Nostalgia is a funny thing. It can color our interpretation of things and is often difficult to divorce oneself from. Such is the case with Robin Hobb’s latest series opener Fool’s Assassin. Focusing on the retired life of FitzChivalry Farseer, now Tom Badgerlock, it shows him dealing with a primarily sedentary life. He watches his wife age past him, his own aging slowed by the magic healing that saved his life, and finds himself suddenly beset by unexpected child late in life. The story plays very much like a bildungsroman except instead of a youth maturing into adulthood it is an older man learning how to be a father.
Fool’s Assassin is a slow moving novel that takes its time in getting the plot started. On the one hand the sedate pace is in keeping with the Fitz readers know. Introspective to the point of being borderline self-centered Fitz can brood with the best of them. He broods over the Fool’s long absence, he broods over his wife’s aging and eventual death, he broods over the distance between himself and his first daughter Nettle, and he broods over his strange new daughter who cries at his touch and who doesn’t seem to grow at a normal rate. Without the full weight of Nighteye’s presence, the wolf is around in spirit, Fitz is entirely incapable of living in the moment. He spends his days and hours drowning himself in the past and making token efforts towards the present only to retreat back into himself at the first opportunity.
Secrets at are at the heart of Fool’s Assassin. It is the many fictions kept close by its characters that cause so many problems. No one tells each other anything and the constant need, or at least perceived need, for secrecy impedes progress both in terms of our characters’ growth and the novel’s minimal plot. Perhaps my biggest problem is Fitz’s seeming willful ignorance his daughter. FitzChivalry Farseer, strong in both the Wit and the Skill, never once wonders why his daughter cringes at his touch. Never once speaks to his daughter about either. It just doesn’t really make any sense to me. Clever wordplay in certain instances help to blind Fitz with regards to some important facts but the absolute reliance on first-person narration (even after the addition of a second first-person point-of-view) makes Fitz’s blindness even more glaring. It is strange to think that Fitz’s self-centered naval gazing can be so equal parts endearing and frustrating.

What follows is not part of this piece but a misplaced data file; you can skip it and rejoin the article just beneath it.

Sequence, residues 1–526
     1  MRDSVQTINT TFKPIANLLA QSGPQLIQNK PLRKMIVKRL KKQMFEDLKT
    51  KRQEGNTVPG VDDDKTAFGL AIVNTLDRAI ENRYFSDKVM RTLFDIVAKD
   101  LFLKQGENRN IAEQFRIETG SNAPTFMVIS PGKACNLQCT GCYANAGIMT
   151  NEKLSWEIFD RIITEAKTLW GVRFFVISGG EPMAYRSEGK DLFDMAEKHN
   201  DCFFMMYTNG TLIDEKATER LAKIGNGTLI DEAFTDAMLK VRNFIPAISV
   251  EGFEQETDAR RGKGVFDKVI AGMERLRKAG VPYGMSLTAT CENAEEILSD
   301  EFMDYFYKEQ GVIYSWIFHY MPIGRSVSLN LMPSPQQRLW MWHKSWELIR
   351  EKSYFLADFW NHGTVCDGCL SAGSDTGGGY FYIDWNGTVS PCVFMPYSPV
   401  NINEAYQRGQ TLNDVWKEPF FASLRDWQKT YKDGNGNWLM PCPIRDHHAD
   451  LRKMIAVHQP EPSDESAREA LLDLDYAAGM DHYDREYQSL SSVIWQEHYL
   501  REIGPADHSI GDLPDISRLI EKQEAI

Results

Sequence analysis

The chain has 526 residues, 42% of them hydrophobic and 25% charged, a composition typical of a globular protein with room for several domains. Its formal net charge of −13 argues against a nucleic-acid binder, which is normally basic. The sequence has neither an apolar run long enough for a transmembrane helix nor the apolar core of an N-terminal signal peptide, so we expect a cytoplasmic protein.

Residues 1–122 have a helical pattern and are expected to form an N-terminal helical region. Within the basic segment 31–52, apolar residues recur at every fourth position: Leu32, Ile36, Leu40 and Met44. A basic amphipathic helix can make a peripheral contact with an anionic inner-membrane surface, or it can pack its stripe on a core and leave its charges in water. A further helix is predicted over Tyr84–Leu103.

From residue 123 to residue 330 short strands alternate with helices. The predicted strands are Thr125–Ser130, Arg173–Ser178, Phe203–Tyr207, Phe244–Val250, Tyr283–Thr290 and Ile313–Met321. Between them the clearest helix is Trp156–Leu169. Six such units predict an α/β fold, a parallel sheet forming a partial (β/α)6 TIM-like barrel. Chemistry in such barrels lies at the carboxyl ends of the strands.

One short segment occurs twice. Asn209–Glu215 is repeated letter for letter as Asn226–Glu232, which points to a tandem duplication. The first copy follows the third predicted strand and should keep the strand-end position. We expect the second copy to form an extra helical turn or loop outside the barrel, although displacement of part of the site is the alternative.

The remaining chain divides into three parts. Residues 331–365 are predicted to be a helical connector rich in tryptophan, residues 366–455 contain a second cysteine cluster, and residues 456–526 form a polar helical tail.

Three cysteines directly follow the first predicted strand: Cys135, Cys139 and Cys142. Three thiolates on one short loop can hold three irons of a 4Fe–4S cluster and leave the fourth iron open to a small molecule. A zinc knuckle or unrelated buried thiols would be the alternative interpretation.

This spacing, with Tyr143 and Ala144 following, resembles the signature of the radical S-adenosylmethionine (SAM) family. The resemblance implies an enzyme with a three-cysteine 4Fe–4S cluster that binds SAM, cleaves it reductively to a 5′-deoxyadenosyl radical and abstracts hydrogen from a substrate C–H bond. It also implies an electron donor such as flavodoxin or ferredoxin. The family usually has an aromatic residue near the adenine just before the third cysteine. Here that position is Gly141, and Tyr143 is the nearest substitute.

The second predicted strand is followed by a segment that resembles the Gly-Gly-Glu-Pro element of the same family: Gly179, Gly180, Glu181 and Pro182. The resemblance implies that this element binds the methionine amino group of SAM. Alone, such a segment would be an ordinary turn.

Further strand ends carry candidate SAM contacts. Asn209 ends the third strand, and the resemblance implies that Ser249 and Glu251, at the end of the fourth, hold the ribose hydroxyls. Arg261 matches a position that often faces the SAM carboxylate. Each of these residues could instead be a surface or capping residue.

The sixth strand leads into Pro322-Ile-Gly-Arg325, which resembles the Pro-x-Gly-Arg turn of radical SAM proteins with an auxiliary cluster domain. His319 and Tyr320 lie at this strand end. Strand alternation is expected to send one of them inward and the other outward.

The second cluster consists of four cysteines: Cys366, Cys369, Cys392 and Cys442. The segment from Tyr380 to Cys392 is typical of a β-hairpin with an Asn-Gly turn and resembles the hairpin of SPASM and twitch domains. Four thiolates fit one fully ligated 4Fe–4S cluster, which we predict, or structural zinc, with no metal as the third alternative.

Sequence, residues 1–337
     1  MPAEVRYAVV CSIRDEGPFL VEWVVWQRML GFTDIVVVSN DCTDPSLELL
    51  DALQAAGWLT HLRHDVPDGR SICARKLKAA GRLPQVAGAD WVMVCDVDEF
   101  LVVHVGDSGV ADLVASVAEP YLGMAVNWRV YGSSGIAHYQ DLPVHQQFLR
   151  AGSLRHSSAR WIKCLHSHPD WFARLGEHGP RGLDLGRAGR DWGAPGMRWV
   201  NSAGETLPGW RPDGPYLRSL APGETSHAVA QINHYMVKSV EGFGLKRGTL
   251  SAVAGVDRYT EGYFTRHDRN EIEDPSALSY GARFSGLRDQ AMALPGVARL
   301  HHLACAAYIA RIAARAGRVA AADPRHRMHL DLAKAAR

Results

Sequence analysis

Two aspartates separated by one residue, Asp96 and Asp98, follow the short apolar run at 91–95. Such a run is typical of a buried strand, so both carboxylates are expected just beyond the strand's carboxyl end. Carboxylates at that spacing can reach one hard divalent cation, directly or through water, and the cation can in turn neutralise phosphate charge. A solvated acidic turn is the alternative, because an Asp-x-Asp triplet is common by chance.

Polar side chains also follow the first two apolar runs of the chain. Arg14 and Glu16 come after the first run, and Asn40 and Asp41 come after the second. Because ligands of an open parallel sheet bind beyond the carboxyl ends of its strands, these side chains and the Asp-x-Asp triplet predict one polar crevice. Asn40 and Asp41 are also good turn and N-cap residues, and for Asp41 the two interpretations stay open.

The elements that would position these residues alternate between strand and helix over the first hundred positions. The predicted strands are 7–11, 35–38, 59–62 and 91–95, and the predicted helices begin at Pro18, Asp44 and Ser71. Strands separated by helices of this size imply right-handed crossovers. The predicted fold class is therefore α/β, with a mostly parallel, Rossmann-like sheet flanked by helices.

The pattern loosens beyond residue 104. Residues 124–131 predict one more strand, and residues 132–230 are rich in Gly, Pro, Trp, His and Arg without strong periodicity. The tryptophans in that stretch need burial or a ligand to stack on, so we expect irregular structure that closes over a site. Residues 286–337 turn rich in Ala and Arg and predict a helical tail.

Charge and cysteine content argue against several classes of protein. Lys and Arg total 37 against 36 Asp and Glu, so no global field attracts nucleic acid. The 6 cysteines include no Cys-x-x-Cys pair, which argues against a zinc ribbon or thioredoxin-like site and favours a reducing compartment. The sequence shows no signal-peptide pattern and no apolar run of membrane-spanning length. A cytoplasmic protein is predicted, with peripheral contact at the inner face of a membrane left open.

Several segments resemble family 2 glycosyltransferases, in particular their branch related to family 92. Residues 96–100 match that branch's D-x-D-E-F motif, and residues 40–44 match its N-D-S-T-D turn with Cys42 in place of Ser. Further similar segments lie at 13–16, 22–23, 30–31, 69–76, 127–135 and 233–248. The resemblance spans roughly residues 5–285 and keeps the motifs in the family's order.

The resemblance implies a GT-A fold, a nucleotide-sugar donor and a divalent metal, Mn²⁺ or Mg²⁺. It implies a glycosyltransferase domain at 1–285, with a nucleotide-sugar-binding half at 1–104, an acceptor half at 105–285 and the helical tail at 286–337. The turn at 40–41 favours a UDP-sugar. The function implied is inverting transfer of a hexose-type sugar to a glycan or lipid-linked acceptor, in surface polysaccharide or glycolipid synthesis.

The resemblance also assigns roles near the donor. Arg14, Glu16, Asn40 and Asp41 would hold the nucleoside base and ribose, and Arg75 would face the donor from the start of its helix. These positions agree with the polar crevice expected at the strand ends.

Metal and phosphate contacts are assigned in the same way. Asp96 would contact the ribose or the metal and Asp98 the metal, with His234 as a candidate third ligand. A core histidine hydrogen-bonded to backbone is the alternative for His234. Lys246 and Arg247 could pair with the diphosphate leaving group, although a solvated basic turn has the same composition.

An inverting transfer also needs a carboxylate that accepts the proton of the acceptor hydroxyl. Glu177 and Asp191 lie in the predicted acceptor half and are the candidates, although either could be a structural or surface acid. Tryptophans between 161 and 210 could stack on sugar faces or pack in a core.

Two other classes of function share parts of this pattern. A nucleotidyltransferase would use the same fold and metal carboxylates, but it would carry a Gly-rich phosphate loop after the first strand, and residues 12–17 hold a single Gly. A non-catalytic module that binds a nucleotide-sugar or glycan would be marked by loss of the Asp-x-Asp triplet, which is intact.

Despite that I constantly found myself frustrated with Fitz I loved every moment of Fool’s Assassin. Fitz’ first person narration has carried me through six previous novels and coming back into Fitz’s head once again feels a bit like a homecoming. As a result, the novel’s day-in-the-life structure isn’t bothersome to me in the least. However, I’m willing to bet that without that same familiarity Fool’s Assassin is going to be nigh on impenetrable for new readers. Fitz feels like an old friend and while Fool’s Assassin has little in the way of action the slow ease back into Fitz’s life felt good. I’m definitely looking forward to seeing where the Fitz and the Fool series takes readers next.